The undisputed facts of this case establish that Petitioners made several unsuccessful attempts to reactivate their Medicare billing privileges before finally submitting applications that the contractor subsequently approved.
On May 22, 2017, Petitioner Kaza submitted a Medicare reenrollment application to the contractor. CMS Ex. 2. He submitted this application in response to three notices that the contractor had sent to him on March 6, 2017, requesting that he revalidate his and Petitioner Kaza, P.C.’s Medicare enrollment. CMS Ex. 1. These notices informed Petitioners that the contractor could deactivate their billing privileges if Petitioners failed timely to revalidate their enrollments. Id.
On June 27, 2017, the contractor rejected the application and deactivated Petitioners’ billing privileges because it found that Petitioners had not responded to requests that they
supplement the information that they supplied with their May 22, 2017 reenrollment application and that they had not revalidated their enrollment. CMS Ex. 4; CMS Ex. 5.
Petitioner Kaza submitted a second enrollment application to the contractor on July 5, 2017. CMS Ex. 6. On August 4, 2017, Petitioner Kaza additionally submitted an application for reassignment of his individual billing privileges to Petitioner Kaza, P.C. CMS Ex. 11. The contractor found these applications to be unacceptable. On August 11, 2017, the contractor sent letters to Petitioner Kaza rejecting the July 5 and August 4 applications. CMS Ex. 12; CMS Ex. 13.
On August 14, 2017, Petitioner Kaza submitted a new enrollment application on behalf of Petitioner Kaza, P.C. CMS Ex. 14 at 5. On August 21, 2017, Petitioner Kaza submitted a reenrollment application on his own behalf. CMS Ex. 17. The contractor subsequently approved the applications. It reactivated Petitioner Kaza, P.C.’s billing privileges effective August 13, 2017 and Petitioner Kaza’s billing privileges effective August 20, 2017. CMS Ex. 20; CMS Ex. 21.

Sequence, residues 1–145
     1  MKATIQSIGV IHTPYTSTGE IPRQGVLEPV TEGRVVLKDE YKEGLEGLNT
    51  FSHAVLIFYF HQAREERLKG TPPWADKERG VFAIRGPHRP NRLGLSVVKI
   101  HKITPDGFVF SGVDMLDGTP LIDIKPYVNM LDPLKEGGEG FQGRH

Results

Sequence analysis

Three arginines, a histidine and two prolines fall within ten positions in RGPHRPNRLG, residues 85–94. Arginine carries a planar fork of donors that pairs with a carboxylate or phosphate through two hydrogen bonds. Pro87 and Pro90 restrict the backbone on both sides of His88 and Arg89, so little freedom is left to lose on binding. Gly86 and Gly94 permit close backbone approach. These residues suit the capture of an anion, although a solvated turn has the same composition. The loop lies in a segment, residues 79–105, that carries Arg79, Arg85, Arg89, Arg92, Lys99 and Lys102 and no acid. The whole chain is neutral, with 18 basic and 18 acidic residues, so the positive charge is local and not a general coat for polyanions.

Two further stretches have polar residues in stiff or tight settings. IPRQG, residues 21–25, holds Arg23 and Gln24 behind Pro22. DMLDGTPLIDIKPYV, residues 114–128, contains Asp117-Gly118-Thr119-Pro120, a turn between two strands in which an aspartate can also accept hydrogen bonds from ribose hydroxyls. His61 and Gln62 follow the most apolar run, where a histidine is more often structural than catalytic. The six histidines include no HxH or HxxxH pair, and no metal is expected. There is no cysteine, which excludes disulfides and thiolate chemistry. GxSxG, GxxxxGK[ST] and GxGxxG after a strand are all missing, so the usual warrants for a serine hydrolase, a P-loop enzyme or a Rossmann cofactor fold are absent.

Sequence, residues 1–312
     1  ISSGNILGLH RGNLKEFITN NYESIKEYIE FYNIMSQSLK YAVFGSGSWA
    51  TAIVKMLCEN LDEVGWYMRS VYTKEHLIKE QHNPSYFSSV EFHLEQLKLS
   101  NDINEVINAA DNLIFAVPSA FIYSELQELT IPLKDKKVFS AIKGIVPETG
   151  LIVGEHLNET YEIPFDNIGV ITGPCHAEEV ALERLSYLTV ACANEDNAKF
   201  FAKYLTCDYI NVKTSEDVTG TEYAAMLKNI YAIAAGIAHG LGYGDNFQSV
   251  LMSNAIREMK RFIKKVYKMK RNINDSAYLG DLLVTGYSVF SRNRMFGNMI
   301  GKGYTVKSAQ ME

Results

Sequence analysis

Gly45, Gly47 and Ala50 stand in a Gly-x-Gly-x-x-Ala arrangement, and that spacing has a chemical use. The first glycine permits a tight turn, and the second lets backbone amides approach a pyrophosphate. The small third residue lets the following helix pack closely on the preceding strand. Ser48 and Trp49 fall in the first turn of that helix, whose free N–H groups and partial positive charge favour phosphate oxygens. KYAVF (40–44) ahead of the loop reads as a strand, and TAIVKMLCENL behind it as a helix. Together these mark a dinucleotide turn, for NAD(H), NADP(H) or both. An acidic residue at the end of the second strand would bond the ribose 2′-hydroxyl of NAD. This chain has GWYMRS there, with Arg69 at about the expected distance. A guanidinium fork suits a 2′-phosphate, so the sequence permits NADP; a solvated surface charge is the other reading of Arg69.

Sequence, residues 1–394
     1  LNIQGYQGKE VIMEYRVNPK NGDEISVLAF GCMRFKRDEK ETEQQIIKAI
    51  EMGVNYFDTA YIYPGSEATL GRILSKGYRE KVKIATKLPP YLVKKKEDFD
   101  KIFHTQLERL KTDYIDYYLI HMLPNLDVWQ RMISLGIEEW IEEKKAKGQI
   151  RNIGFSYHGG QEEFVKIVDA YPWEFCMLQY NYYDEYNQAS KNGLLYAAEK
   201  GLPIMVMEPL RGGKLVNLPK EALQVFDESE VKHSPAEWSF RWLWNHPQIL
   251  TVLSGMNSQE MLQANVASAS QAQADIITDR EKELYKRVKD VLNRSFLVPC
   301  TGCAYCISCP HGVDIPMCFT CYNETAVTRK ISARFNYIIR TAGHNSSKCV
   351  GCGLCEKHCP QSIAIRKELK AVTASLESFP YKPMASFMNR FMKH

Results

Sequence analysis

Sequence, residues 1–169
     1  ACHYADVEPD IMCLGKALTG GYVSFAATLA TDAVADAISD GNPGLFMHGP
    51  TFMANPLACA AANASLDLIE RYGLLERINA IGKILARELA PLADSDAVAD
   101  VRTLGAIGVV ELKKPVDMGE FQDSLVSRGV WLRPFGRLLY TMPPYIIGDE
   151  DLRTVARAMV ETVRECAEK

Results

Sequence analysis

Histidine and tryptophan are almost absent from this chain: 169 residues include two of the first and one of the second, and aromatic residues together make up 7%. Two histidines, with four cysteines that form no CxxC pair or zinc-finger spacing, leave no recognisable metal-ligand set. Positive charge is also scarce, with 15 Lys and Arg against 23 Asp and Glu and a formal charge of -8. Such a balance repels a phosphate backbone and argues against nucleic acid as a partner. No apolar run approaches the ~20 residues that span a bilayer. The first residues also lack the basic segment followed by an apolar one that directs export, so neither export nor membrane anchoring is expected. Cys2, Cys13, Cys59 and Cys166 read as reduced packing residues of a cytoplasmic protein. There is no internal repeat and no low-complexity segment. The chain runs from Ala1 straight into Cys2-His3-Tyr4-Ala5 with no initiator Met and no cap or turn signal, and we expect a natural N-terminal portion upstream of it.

August 13, 2017 is the earliest date on which Petitioner Kaza, P.C.’s billing privileges may be reactivated. August 20, 2017 is the earliest date on which Petitioner Kaza’s billing privileges may be reactivated.1 Petitioners have no right to challenge the contractor’s decisions to reject applications that they filed prior to August 14 and August 21, 2017. I may only decide whether the contractor based its determinations to reactivate Petitioners’ billing privileges based on applications that the contractor subsequently approved. The undisputed facts establish that it was the August 14 and August 21 applications that the contractor subsequently approved. Therefore, these applications are the basis for the reactivation dates.
Petitioners challenge the initial and reconsidered determinations in this case by asserting that the contractor erred – on multiple occasions – in the manner in which it processed Petitioners’ various applications. Petitioners’ argument is not one that I have authority to hear and decide. Petitioners effectively appeal the contractor’s rejection of applications that they submitted prior to August 14, 2017. As I note above, a decision by a contractor to deactivate a participating provider or supplier’s billing privileges is not appealable.
Finally, I note that there is an equitable aspect to Petitioners’ argument. Effectively, they assert that it is unfair that they be penalized for what they characterize as errors by the contractor. This is also an argument that I have no authority to hear and decide inasmuch as equitable challenges to CMS’s determinations are not appealable.U.S. Ultrasound, DAB No. 2302 at 8 (2010).
Steven T. Kessel Administrative Law Judge
1. Technically, the earliest possible reactivation date for Petitioner Kaza, P.C. is August 14, the date on which Petitioner Kaza submitted the application that the contractor subsequently approved. August 21 is the earliest possible reactivation date for Petitioner Kaza, because that is the date on which he submitted an application on his own behalf for reenrollment that the contractor subsequently approved. However, I will not adjust the August 13 and August 20 reactivation dates in this case to reflect the actual submission dates of the reenrollment applications that the contractor subsequently approved, given that CMS evidently does not dispute those reactivation dates.